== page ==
Despite the fact this year’s election made me want to hide under the covers until it was all over, I was glued to twitter last night watching the election returns come in.
In short, it was a Democratic bloodbath. 60 plus seats went to Republicans, meaning control of the House of Representatives is gone. It’s hard to feel optimistic after an election like that, where being against things (health care reform, stimulus spending, jobs) was a better political strategy than being for anything.
A few bright-side moments from yesterday:
- The fetal personhood amendment in Colorado was defeated, by a resounding 3 to 1 against, for the second time. I’m heartened to know that most people (even in Focus on the Family’s homeland) don’t think fetuses should have rights until they are actually born.
- More openly LGBT candidates were elected yesterday than ever before in history, including –Victoria Kolakowski, a Superior Court judge in Alameda County. Kolakowski becomes the first openly transgender judge in America.
- Half of the so-called “Blue-Dog Democrats,” who pretty much sucked and were really more Republican than Democrat, lost last night. Does that prove that centrism is dead?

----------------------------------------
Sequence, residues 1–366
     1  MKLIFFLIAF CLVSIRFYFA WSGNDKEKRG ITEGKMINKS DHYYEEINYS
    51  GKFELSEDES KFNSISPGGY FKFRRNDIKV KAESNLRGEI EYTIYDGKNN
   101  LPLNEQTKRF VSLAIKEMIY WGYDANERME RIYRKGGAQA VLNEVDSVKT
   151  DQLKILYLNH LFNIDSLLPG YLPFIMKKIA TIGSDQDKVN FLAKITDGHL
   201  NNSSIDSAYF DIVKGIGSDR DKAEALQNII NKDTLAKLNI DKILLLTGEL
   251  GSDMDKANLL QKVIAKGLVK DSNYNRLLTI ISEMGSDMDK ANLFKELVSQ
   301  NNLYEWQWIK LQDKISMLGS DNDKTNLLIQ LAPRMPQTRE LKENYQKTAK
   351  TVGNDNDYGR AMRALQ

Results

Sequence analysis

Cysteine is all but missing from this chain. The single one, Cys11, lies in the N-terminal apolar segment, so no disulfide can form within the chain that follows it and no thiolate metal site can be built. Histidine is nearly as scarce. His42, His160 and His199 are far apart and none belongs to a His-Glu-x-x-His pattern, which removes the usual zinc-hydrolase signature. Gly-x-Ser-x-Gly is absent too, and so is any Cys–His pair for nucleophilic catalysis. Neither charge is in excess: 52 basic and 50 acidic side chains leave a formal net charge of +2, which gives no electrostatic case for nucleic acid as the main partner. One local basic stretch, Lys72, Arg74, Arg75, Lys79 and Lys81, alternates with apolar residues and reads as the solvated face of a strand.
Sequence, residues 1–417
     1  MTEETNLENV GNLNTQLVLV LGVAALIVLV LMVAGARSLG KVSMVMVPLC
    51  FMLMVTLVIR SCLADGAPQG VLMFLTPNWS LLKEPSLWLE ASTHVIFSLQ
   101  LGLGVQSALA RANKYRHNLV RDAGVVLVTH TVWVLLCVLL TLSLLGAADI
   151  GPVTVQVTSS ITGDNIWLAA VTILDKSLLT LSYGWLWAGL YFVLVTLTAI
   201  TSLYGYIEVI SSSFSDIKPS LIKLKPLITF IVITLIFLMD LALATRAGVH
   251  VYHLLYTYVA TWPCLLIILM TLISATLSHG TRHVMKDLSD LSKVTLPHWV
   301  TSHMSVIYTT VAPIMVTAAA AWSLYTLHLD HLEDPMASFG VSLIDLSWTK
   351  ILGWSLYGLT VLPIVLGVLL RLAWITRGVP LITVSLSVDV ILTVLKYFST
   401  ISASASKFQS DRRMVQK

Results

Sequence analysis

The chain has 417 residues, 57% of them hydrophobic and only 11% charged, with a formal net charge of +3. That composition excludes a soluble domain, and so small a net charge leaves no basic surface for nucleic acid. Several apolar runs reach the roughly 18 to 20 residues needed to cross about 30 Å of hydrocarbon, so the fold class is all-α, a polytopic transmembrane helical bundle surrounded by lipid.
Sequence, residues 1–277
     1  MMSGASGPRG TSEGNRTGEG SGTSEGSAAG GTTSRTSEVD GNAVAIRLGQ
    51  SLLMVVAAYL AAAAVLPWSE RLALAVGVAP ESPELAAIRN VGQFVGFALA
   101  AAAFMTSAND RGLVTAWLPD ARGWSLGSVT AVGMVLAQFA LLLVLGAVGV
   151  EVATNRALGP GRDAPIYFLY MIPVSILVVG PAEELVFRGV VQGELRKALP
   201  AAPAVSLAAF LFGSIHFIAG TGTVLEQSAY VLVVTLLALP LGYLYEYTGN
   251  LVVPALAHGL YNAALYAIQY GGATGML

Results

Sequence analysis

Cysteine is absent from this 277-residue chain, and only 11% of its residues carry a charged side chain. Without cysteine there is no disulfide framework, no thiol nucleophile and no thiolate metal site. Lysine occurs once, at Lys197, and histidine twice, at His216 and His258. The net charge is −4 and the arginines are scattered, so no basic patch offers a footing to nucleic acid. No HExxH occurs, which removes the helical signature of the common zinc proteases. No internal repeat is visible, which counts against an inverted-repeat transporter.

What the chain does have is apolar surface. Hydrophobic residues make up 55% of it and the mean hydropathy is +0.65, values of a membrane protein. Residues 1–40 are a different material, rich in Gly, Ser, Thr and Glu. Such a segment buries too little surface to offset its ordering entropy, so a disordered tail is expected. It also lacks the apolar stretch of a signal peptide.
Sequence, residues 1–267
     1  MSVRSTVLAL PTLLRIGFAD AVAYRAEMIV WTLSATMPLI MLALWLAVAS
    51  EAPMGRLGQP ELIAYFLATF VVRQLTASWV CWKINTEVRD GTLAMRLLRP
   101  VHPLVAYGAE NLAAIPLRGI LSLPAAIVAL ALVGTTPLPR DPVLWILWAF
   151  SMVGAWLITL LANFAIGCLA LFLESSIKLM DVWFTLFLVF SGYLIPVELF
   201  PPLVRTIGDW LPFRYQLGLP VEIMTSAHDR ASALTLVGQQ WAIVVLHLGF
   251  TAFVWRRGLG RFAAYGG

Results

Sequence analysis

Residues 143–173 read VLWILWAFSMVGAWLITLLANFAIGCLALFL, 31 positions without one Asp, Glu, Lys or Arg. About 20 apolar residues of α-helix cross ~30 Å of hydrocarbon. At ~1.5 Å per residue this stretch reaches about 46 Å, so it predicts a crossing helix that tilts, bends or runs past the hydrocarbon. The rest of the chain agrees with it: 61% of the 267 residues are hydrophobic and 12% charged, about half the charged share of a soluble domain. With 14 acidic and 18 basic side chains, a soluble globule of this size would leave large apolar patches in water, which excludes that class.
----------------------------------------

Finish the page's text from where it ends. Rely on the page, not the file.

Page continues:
- Now that the Republicans have control of one body of Congress, they’re going to actually have to do something. Something other than oppose things. And as Alvin put it:
Now that the Republicans have Congress, they can now reveal that incredibly, wonderful master plan to cut taxes, bring down the deficit, and increase the work force. Apparently the plan is so awesome that none of them wanted to reveal it to the media or each other.
Being in my mid-twenties, with this election cycle (starting in 2008) being the first one I’ve been an active political participant in, every step of the way has been eye-opening. From watching my friends basically go away to war fighting for Obama’s election, to the disappointment of the reality that “change” can’t really happen in broadstrokes, in two years, no matter what kind of majority you have in Congress, to the realization that there are many people in our country whose politics are founded on hate and fear.
I’ve always held on to the belief that no matter how slowly, no matter how many set-backs, things are definitely on a slow progression toward better. Better for women, better for people of color, better for queer folks. Better for the low-income. Even if it’s a pendulum, it’s one that swings back and forth, but slightly more left with each swing.
Is that even true? I’m not so sure, but I think I have to hold on to that belief just to keep my optimism, and to keep my desire to fight up.
It’s like, is Dan Savage right? Does it actually get better? I sure as hell hope so.
Update: Read Tim Wise, because he is really smart, and makes me believe things will get better.